Now I'm just trying to figure out a way to use this in a templated function, since a default constructor may not always be available.


A default constructor will always be available. If you do not write one yourself the compiler will generate it.
[/quote]

I'm not always able to communicate what I mean properly, for that I apologize.
If you create a structure and define a parameterized constructor but no default constructor,
you should not be able to instantiate that object without parameteters.

Perhaps there is something I'm missing, though.

Here is some pseudo-code that exemplifies what I mean:


struct test
{
};
struct test2
{
test2(int x) {}
};
int main()
{
test t1;
test2 t2;
test2* t3 = new test2;
return 0;
}

Share this post


Link to post
Share on other sites
Thanks everyone.

Brother Bob,
I am familiar with overriding the new and delete operators. It's a good suggestion since it simplifies your
memory allocator's interface. My current allocator is contained within an object, so a global new overload may
not work unless there is a global allocator. It just so happens that I have one based on this code, and at some
point I probably will implement this.


Antheus,
After doing some research and checking back, you and I seem to have come to the same solution.
I appreciate the feedback, your post was very informative.
I'm actually ok with a small performance hit from using a copy constructor. As this allocator does not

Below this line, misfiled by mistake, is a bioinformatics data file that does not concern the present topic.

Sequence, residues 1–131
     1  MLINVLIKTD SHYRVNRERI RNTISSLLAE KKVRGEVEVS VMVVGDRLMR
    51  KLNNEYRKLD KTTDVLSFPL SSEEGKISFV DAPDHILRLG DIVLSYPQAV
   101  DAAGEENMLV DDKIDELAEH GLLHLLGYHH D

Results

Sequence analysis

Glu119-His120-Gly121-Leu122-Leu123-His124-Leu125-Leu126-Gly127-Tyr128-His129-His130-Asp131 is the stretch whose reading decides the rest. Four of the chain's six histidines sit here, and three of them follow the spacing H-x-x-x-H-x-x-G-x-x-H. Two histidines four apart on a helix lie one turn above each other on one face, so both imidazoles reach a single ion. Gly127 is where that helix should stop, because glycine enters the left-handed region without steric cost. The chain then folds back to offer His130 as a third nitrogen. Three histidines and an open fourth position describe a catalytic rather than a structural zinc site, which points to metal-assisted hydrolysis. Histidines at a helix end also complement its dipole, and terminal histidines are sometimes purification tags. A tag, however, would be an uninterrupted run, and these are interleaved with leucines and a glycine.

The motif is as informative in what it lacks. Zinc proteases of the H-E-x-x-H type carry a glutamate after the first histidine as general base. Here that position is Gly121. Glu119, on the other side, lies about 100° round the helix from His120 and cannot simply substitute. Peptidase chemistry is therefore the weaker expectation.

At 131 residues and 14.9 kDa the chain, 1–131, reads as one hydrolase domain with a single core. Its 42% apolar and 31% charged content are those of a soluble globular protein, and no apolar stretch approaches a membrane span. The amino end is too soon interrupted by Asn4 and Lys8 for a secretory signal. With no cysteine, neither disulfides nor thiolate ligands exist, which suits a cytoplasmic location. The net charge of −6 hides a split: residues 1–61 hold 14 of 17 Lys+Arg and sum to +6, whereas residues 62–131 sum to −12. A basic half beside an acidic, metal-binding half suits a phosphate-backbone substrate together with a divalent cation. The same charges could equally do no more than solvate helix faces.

support deallocation, overall system performance should not take a real hit from using copy constructors.

That said, the non-templated alloc() function can be used in place of the templated version where appropriate,
as it will still simply return zero'd memory maintaining optimal allocation rates.

Share this post


Link to post
Share on other sites
Ah, I see what you mean. In that case, your code will not compile smile.png

The compiler generates actual code for each specific template instantiation. It is (very roughly speaking) like the compiler simply replaces T with the actual class you give it, and then proceeds to compile normally.

Share this post


Link to post
Share on other sites
Sign in to follow this  

  • Advertisement
×

Important Information

By using GameDev.net, you agree to our community Guidelines, Terms of Use, and Privacy Policy.

GameDev.net is your game development community. Create an account for your GameDev Portfolio and participate in the largest developer community in the games industry.

Sign me up!